Research demonstrates that laser fluorescence is beneficial as an adjunct for diagnosing initial incipient caries on occlusal and cervical areas, but further research is needed on whether this technology can aid in assessing existing sealants.6,10,11 A quantitative measure of caries progression could reduce the fear many oral health professionals have about placing sealants on incipient lesions. Unfortunately, the research on the efficacy of laser fluorescence in assessing existing pit and fissure sealants is limited. Validated study designs and data collection tools would aid in identifying the effectiveness of this assessment tool. Numerous studies have been conducted in vitro that do not investigate intraoral influences or variations in application among different brands.3–7 Additional clinical studies are needed that replicate in vivo conditions. Inconsistencies in the products tested, thickness of material, tooth preparation, instructions for placement, and clinical application clearly contribute to the differing results found in much of the published literature.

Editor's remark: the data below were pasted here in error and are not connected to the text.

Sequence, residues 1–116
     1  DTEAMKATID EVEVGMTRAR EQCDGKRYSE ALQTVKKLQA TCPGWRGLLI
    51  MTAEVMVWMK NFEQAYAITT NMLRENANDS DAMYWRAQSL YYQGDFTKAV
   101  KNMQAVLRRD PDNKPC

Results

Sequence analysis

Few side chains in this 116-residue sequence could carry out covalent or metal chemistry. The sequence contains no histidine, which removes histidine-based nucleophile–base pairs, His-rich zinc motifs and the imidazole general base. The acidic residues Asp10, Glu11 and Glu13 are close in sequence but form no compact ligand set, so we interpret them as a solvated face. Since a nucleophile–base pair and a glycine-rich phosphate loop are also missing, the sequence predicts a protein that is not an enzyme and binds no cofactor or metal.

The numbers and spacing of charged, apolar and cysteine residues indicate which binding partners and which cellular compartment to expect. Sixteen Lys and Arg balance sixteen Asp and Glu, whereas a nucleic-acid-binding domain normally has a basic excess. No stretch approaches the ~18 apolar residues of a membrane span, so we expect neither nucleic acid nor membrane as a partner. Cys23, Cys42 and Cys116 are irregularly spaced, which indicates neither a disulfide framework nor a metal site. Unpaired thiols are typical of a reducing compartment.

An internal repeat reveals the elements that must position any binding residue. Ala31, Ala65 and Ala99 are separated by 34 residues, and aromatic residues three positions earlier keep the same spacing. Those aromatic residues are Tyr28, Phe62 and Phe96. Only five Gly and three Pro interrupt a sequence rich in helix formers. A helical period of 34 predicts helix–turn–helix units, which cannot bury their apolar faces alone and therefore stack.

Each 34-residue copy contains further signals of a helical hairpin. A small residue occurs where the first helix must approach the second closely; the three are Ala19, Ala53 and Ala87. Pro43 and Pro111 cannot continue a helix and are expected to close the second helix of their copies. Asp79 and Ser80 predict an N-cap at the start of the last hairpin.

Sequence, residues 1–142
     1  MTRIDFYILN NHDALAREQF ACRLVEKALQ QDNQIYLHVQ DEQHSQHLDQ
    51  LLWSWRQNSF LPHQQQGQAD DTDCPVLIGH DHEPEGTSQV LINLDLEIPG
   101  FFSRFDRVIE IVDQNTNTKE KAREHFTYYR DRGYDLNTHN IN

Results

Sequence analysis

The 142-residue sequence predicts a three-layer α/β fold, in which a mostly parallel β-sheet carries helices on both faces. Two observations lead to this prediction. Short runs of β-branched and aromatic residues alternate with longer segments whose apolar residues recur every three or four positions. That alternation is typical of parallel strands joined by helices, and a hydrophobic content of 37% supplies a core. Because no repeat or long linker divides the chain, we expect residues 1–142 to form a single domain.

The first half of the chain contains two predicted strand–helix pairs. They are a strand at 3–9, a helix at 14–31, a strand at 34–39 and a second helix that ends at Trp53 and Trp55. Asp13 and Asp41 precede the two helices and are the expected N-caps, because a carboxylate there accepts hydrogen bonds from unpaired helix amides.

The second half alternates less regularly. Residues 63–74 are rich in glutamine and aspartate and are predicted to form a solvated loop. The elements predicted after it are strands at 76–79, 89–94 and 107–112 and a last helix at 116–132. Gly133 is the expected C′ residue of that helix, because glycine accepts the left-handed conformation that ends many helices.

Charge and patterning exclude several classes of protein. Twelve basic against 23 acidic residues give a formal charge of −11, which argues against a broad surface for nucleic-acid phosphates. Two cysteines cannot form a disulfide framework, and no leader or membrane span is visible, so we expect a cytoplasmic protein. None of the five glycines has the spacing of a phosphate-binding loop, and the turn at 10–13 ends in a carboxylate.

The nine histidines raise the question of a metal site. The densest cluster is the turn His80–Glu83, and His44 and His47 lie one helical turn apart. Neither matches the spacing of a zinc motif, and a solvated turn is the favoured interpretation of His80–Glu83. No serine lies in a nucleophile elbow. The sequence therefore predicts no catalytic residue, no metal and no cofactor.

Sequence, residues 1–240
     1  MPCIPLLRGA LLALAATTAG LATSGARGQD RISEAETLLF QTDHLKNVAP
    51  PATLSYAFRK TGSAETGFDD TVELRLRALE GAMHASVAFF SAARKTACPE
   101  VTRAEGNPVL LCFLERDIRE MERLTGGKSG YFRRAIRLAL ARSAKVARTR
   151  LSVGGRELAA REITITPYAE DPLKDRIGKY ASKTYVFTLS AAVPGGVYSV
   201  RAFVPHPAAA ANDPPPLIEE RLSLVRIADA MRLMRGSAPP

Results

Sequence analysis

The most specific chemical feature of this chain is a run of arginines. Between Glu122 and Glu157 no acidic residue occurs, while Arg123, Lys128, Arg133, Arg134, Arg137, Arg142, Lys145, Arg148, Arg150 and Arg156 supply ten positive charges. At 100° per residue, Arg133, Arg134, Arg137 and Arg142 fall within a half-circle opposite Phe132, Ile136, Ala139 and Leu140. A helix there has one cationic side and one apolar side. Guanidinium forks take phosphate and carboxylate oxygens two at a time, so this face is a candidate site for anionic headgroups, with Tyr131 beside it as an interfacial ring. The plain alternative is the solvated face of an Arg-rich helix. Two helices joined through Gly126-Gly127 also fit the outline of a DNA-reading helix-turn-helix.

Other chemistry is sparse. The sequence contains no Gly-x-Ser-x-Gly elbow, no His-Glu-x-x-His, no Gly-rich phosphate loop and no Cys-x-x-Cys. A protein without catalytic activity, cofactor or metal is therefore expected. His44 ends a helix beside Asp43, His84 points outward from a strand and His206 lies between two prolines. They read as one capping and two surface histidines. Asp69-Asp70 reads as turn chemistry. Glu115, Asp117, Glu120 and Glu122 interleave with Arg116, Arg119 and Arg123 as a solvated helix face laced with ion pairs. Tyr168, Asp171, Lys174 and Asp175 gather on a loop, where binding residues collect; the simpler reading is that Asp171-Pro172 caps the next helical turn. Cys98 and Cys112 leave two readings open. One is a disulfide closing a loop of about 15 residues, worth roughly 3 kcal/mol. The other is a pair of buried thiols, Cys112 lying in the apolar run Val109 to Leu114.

Studies that recognize the threshold values for fluorescent reflection of sealant materials are needed to generalize findings in a clinical setting. Identifying these thresholds can give practitioners a quantitative measure for evaluating caries progression under sealant materials. At this time, practitioners should not rely on laser fluorescence as a primary assessment tool. Clinical visual-tactile examination should be used until further studies provide conclusive results. Just as with conventional assessment tools, clinicians should never rely on one assessment modality to identify risk or caries presence.6–9 Evidence shows that the frequent monitoring of sealants through conventional methods should not be excluded when evaluating pit and fissure sealants.1–3